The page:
Even this absurd argument--calling support for Azmi Beshara's party unflattering publicity--does not reflect the reality, for in one election after another-- with one exception--this group has given its votes to any right-wing secular or compromising party save Agudath Israel, UTJ or even Shas. It has consistently set itself apart from the Torah-faithful public, paving a new road that led members of the sect to corrupt their hashkofoh to the point of proclaiming a man who had already passed away was the Moshiach.

At a major gathering in Bnei Brak on the eve of the elections of 5749, Maran HaRav Shach said, " . . . and now a man possessed by a dybbuk of control, of messianism, has risen up! He is the true baal machlokes, for he has never gone in step with the klal in his struggles and in his ideas. He has not joined us in any of the holy endeavors we have pursued. Not Chinuch Atzmai, not chinuch habonim, not our struggle for our daughters' purity--[the campaign for] the drafting of girls. He always went by himself, alone. How is he unique? From where did he draw his uniqueness? From Paris? This is a dybbuk of a messianism gone mad, drawing innocent people after him."

And another quote taken from a different source: "While Chabad followers shroud themselves with total silence, Agudath Israel truly leads the battles over `who is a Jew' and other critical issues, including missionary activity, autopsies, drafting girls, permitting work on Shabbos, arrangements for yeshiva students, universal education that led to the setup of the fourth stream and then Chinuch Atzmai. It should be noted here that when Chinuch Atzmai was set up, who was the first to try to sabotage and break it? The very same groups . . . that when Agudath Israel was struggling hard for the existence of Chinuch Atzmai, which received only 60 percent of their budget from the government - - they already received 100 percent! Yet after all this they have the audacity and daring to attack Agudath Israel which just stands silent? Agudath Israel refused to join the united religious front with Mafdal because of the latter's compromising, and remember well with what fervor and vengeance this group acted . . . against Agudath Israel for this refusal. They are the ones who tried to compel Agudath Israel, in opposition to the gedolei Yisroel who head it, to join the united religious front, and when Agudath Israel refused to do so, they held it was permitted to beat up girls from Beis Yaakov who worked on the election [campaign]; it was permitted to tear Agudath Israel posters off of houses . . . " The writer: late Agudath Israel leader Rabbi Yitzchok Meir Levine, writing in Hamodiah on 13 Sivan, 5731 (1971).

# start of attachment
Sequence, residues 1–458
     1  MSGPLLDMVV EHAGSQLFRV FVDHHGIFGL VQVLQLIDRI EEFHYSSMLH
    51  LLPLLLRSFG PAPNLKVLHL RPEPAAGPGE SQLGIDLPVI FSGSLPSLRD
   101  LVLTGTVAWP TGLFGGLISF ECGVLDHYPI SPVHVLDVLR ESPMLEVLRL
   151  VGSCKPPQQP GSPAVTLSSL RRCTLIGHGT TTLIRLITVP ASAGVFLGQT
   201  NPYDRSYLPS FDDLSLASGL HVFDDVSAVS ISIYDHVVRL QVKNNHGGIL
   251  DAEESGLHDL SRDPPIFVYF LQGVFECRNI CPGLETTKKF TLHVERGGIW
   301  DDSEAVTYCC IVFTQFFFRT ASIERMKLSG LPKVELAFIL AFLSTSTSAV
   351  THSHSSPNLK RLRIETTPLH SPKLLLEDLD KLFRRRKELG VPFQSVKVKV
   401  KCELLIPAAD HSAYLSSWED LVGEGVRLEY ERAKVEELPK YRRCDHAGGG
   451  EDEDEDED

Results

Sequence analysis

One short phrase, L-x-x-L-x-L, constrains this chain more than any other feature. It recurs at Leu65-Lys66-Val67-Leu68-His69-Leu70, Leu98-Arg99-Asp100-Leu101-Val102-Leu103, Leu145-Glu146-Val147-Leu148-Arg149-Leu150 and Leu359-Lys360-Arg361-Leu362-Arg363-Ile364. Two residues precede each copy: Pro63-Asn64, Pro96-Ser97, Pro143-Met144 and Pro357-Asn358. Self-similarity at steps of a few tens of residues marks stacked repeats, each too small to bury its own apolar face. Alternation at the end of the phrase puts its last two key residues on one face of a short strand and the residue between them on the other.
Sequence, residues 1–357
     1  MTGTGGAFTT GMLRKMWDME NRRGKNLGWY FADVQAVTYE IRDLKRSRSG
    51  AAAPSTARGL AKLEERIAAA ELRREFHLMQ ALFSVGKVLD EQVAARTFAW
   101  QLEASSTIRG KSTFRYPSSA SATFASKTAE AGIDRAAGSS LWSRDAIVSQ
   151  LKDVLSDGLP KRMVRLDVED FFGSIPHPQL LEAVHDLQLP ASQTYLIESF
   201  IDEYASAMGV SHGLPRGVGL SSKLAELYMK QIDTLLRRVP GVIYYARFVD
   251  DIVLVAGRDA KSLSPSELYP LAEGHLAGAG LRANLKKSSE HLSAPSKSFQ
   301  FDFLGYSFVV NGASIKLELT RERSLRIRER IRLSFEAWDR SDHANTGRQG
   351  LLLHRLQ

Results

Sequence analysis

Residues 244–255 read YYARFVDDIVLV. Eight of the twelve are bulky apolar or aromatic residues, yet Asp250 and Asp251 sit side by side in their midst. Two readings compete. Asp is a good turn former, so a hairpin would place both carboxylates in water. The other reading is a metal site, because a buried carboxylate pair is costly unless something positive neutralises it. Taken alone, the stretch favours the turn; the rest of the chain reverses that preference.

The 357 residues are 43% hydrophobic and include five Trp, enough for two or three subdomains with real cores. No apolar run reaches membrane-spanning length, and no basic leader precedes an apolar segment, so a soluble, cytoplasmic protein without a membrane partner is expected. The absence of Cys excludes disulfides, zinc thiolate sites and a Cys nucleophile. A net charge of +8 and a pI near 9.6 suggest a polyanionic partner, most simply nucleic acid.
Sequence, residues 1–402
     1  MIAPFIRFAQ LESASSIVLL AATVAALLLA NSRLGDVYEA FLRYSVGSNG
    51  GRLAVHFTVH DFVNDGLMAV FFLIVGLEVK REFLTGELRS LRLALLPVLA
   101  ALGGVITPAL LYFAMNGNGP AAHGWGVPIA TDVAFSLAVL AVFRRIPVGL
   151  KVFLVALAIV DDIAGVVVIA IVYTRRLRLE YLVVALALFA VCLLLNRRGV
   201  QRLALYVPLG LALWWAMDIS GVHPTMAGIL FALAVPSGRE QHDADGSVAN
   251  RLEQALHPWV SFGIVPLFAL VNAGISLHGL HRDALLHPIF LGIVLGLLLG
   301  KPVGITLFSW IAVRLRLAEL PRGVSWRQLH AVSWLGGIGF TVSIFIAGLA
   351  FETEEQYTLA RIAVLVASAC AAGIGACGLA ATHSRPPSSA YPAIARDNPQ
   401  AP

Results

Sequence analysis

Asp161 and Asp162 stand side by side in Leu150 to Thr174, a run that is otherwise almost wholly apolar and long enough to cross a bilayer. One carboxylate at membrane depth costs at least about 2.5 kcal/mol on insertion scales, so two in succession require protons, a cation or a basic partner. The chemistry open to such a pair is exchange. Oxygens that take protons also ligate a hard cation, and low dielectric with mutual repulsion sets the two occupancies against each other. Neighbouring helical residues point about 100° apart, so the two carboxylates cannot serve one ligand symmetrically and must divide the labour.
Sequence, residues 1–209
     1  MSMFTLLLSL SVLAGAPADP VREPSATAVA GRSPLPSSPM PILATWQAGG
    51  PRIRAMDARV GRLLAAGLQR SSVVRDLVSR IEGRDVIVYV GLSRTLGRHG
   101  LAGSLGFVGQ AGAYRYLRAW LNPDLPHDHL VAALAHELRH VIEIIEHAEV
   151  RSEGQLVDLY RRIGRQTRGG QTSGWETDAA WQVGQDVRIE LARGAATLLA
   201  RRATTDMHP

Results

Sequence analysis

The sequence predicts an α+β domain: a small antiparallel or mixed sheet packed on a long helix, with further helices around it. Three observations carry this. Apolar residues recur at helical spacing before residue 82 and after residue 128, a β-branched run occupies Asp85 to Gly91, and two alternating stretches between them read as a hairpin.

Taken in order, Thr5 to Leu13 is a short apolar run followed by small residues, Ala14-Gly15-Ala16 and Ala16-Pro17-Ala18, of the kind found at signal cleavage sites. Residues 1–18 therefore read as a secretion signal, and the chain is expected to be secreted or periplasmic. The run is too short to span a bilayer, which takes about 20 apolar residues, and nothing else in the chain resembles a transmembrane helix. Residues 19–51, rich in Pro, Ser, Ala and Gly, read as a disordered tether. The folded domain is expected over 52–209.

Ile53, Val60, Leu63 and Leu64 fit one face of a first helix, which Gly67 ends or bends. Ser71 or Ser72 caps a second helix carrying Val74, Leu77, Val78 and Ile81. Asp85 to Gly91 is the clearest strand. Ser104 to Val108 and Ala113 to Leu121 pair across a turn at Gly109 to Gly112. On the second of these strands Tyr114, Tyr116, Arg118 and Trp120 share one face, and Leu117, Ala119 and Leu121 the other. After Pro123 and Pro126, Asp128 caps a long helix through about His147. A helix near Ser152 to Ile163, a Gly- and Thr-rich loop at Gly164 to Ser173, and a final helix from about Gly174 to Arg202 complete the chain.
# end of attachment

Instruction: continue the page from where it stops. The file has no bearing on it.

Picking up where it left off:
Yet there is nothing new under the sun. On 14 Tishrei, 5743 former Agudath Israel Chairman R' Yehuda Meir Abramovich wrote, "The Agudath Israel movement has many claims against Chabad, which has never supported Agudath Israel in its tough battles, whether for Chinuch Atzmai at the time when all gedolei haTorah vehayiroh founded it, or during its tough battles in Knesset election campaigns."

Thus the recent vote by most members of this movement for a secular party, in contradiction to the opinion of gedolei Yisroel from every stream, does not come as a surprise to anyone familiar with this movement's historical efforts to remain separate from the klal of yirei'im ledevar Hashem.